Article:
The weekend feels ten times longer because we travelled ten times the distance.
We booked this walking trip before Christmas because we wanted to go to the Lake District as soon as possible in the New Year. (People are celebrating Chinese New Year in my home country this week by the way. And if you are 12, 24, 36, 48, 60, 72, 84, 96 or 108 years old, this is your special year, the Year of the Dog.) January was too cold and daylight was too short. February is better, but not by much I realised, a bit too late. Last Wednesday there was a freezing gale in Newcastle. I struggled against the wind, wrapping myself up all the way to the nose and clutching a Greggs baguette, thinking, why did I book a trip to the Lakes at this time of the year? And that certainly was not the only time I thought “why do I do this to myself??” during this trip.
The plan for Saturday was to do a loop that started and ended in Grasmere village ticking two Wainwrights: Gibson Knotts and Helm Crag, aka, “Lion and the Lamb”. Here is the route:
From Ghyll Foot onward, the valley was enveloped in a thick fog the whole time. When we got to Greenburn Bottom, the terrain was suddenly flat and turned into a snow land. The situation came to an impossible mess. The fog cut short our vision – I thought the ridge would be pretty obvious to aim for but all we could see was a wall of white fog. Countless evil ponds were quietly hidden under the snow blanket – only one of us landed in one of them, a miracle I’d say. The ground was a mixture of soaking wet grass and sinking mud – jumping across them made me feel like a sort of Super Mario character. The path was under the snow too. All we had were footprints: human footprints and sheep hoof prints. We soon ended up in front of a feeding trough and three suspicious dirty animals. Human footprints thinned out in a confused manner. I realised later on that the path disappeared for sections because it was under the rushing stream we tried to avoid. On top of all these navigation difficulties was the trouble of walking in calf-deep snow, rain and hailstone showers. It was boiling hot forcing our way forward, but freezing cold as soon as we stopped to catch our breath.
And there came the worst sight, a dead sheep stuck between three stepping stones where we had to cross the river.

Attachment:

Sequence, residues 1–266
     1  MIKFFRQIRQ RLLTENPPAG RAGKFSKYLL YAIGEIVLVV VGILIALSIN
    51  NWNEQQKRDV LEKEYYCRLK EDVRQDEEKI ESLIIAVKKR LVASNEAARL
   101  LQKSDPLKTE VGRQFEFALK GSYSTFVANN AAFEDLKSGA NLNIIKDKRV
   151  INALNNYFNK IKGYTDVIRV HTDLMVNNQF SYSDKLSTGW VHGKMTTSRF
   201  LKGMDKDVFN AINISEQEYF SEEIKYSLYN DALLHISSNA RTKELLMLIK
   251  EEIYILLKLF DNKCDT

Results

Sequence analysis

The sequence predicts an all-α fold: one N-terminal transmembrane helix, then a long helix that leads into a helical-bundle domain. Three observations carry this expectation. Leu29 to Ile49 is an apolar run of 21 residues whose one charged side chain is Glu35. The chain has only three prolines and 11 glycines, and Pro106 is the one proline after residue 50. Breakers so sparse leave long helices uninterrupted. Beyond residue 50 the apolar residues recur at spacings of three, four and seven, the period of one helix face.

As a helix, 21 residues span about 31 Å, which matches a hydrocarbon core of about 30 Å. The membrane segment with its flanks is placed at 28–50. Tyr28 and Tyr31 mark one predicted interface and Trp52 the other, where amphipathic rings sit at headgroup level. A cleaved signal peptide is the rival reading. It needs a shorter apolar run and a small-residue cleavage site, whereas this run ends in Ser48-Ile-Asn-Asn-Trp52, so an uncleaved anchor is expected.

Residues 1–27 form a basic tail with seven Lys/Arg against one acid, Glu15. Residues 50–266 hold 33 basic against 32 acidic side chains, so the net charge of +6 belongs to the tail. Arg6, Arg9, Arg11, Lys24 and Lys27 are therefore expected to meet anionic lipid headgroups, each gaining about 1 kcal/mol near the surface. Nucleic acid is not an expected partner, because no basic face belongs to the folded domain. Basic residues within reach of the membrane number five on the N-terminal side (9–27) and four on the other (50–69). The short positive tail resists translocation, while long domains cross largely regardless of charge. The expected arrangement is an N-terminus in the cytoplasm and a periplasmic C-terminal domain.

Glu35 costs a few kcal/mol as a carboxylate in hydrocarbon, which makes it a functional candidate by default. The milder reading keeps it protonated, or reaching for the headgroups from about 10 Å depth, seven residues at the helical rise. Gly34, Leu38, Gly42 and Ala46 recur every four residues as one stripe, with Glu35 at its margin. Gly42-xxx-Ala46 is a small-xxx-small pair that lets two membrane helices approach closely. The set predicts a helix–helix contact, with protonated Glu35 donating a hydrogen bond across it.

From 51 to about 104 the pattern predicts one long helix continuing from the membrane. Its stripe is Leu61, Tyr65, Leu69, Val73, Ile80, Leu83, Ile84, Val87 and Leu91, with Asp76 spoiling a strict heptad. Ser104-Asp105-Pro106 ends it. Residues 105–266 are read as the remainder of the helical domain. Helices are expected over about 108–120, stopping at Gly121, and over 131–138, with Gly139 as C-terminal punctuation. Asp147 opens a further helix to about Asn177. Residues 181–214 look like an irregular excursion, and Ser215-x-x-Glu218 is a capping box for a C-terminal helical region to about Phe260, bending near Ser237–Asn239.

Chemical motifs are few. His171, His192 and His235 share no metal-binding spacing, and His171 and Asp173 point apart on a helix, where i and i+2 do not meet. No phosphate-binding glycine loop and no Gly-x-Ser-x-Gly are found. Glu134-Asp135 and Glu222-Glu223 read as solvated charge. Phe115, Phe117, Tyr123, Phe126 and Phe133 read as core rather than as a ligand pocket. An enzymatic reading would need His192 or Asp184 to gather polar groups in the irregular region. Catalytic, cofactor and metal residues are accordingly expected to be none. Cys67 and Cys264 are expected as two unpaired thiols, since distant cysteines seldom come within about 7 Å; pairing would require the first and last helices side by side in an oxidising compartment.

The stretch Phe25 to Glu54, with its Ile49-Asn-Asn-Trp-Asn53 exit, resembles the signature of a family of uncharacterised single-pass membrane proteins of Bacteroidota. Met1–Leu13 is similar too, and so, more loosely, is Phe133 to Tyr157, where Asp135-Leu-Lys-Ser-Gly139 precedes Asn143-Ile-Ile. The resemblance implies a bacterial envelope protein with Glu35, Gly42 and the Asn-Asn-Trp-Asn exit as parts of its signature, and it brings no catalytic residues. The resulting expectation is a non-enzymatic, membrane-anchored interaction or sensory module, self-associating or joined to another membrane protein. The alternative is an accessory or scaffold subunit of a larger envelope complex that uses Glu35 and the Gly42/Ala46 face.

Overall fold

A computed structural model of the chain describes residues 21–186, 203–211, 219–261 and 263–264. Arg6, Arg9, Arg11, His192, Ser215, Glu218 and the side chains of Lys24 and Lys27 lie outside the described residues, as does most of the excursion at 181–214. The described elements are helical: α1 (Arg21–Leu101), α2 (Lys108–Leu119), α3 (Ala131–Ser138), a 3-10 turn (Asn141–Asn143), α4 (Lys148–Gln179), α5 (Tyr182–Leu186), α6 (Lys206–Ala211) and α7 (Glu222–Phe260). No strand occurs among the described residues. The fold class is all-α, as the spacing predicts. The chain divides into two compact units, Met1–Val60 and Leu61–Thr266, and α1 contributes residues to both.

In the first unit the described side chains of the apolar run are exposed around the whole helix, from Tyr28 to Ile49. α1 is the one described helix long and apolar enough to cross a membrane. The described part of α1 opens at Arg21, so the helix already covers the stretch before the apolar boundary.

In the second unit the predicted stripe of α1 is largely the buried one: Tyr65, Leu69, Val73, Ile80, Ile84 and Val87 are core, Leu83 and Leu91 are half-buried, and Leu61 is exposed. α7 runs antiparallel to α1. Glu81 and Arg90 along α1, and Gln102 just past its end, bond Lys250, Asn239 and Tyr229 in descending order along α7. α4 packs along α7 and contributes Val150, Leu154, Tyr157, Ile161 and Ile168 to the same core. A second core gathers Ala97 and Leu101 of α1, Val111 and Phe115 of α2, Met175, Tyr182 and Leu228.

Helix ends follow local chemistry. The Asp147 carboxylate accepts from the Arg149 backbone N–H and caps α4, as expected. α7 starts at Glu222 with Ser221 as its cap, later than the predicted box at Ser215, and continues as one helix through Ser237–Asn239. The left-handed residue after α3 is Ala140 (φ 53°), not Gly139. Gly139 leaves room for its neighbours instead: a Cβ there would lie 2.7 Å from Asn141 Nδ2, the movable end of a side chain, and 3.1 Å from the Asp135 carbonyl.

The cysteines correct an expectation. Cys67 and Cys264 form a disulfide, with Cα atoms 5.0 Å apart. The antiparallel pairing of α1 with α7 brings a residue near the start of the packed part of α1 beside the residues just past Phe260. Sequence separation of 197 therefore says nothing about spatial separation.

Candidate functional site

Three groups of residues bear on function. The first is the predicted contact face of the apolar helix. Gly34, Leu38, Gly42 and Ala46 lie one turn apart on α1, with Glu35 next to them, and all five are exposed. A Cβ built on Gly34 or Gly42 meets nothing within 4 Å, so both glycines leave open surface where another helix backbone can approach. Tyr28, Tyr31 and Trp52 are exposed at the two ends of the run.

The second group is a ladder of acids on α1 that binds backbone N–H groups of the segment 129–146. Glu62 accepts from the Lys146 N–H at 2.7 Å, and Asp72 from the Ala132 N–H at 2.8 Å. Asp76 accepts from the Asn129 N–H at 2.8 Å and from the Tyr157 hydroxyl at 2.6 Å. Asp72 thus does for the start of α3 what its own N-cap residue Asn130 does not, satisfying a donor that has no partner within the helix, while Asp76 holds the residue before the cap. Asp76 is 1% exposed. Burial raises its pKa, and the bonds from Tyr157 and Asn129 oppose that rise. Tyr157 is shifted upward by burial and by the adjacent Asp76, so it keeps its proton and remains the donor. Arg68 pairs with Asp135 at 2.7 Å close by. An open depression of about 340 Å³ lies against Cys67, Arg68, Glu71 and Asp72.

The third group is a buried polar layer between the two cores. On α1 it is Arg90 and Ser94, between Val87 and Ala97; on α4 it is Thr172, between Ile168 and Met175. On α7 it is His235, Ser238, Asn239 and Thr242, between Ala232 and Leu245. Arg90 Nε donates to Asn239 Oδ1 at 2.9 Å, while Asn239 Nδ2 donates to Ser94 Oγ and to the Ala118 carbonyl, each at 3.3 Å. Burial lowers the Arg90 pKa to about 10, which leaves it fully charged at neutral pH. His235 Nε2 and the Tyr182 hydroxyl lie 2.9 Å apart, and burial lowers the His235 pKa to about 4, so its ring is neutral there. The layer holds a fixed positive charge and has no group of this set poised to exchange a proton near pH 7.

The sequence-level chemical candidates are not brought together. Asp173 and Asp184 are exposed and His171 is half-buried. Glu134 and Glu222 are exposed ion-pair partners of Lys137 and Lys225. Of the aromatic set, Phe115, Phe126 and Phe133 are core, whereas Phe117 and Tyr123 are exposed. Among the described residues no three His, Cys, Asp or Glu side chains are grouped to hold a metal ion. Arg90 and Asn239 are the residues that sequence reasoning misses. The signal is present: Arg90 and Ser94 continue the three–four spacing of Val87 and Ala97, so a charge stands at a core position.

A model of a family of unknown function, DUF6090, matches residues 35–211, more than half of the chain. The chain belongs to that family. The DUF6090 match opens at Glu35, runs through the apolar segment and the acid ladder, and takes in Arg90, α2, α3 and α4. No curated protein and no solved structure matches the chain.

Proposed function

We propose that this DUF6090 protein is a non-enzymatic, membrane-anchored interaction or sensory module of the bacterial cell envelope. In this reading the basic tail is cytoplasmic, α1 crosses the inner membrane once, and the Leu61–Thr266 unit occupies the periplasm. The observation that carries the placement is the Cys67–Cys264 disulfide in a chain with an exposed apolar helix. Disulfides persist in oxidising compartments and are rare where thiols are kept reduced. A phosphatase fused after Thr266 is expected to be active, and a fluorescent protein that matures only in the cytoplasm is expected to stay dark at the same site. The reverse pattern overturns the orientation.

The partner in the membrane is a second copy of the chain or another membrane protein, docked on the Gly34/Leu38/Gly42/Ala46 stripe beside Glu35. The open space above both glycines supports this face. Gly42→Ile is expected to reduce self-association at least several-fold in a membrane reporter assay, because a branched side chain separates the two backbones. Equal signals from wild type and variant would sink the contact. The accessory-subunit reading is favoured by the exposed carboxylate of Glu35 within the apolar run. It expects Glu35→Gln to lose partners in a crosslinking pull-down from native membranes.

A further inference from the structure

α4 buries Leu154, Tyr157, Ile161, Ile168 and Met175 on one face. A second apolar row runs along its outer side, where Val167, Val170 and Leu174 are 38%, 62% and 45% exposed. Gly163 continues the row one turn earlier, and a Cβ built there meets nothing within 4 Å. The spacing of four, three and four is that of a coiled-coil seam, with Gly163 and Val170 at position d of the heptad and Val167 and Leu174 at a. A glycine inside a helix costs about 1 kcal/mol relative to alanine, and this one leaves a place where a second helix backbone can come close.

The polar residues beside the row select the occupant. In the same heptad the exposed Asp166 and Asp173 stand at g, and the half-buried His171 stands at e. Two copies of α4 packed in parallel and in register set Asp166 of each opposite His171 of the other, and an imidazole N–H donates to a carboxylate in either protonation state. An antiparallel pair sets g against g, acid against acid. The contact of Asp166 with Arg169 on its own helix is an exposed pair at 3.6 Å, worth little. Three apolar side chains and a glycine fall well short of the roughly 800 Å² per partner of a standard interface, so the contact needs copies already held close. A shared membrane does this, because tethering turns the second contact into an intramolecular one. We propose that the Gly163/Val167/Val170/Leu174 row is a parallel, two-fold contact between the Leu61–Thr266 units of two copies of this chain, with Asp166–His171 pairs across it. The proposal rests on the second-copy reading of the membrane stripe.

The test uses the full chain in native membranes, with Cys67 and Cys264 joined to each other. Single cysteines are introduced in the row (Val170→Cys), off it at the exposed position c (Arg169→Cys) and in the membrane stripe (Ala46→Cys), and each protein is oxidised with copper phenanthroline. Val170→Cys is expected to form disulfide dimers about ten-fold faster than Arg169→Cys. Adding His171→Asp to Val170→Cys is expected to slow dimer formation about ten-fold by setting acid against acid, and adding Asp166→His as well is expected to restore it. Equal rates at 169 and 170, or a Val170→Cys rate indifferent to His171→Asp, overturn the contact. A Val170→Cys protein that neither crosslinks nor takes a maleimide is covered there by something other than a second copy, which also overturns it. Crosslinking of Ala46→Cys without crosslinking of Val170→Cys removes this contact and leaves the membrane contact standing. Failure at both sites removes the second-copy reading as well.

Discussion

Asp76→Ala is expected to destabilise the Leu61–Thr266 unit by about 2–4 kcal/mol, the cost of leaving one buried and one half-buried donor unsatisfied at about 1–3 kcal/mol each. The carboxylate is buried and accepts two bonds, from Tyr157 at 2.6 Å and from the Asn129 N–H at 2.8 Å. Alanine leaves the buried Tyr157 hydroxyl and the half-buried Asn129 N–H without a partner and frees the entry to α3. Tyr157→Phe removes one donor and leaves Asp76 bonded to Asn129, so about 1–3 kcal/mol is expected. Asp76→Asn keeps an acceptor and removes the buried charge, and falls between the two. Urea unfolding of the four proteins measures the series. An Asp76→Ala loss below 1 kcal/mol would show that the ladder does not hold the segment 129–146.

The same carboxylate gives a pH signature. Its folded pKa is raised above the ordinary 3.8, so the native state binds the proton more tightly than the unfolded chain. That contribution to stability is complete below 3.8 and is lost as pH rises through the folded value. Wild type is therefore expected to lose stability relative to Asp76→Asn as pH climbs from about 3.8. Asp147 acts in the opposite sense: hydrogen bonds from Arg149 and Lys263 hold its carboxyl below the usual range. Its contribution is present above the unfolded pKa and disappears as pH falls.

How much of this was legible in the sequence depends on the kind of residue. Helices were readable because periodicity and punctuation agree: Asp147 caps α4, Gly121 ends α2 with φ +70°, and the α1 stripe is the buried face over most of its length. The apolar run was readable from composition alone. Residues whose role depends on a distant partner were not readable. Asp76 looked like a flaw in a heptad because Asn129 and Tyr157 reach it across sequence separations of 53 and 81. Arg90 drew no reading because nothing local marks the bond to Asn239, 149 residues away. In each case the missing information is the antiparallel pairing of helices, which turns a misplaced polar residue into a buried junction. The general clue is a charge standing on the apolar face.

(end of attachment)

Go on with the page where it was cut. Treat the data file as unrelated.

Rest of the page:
It was silent, every breath in the white fog, deep and slow steps in the white snow, the constant drizzle in my eyes. The silence was incredibly loud, the rushing river, the plunging waterfalls, the hailstones hitting my soaking wet waterproofs. There was no one except us for two hours. And our conversation had minimised to the mere repeat of “ouch”, “are you OK?”, “not really”.
I was on the verge of tears and swear words when I heard voices suddenly. Walkers who had started from the opposite direction around the loop started to pop out of the mist at the halfway point. And I noticed the ground changing quickly. Solid red rock hit my boots nicely. A bit of rock climbing here and there. I knew we were approaching the summit soon.
One strong gust and a hole split open in the fog. Mountains unveiling their snow-covered slopes one by one. It was glorious and magical. We suddenly realised the drops around the rocks we were standing on. Within minutes, the magnificent view of the valley and Grasmere unfolded like a scroll. The sky was a jewel-like blue. A pair of big birds effortlessly glided over our heads. The sun shone in our eyes. The spirit came back to us. We grinned at each other. Fingers frozen gripping the camera.
We had our lunch under the “Old Woman Playing the Organ” rocks (the true summit that Wainwright failed to touch) and continued to see the official “Lion and the Lamb”. I couldn’t really see the lion or the lamb, probably because we were coming from the wrong direction. But people almost queued up to climb that rock, so I guessed it must be it – we didn’t climb it, I was in a frantic search for a loo break venue at that point – there were so many walkers on the ridge!
I got a big hole in my right foot as a souvenir from the walk. No pain no gain.
See you again in summer.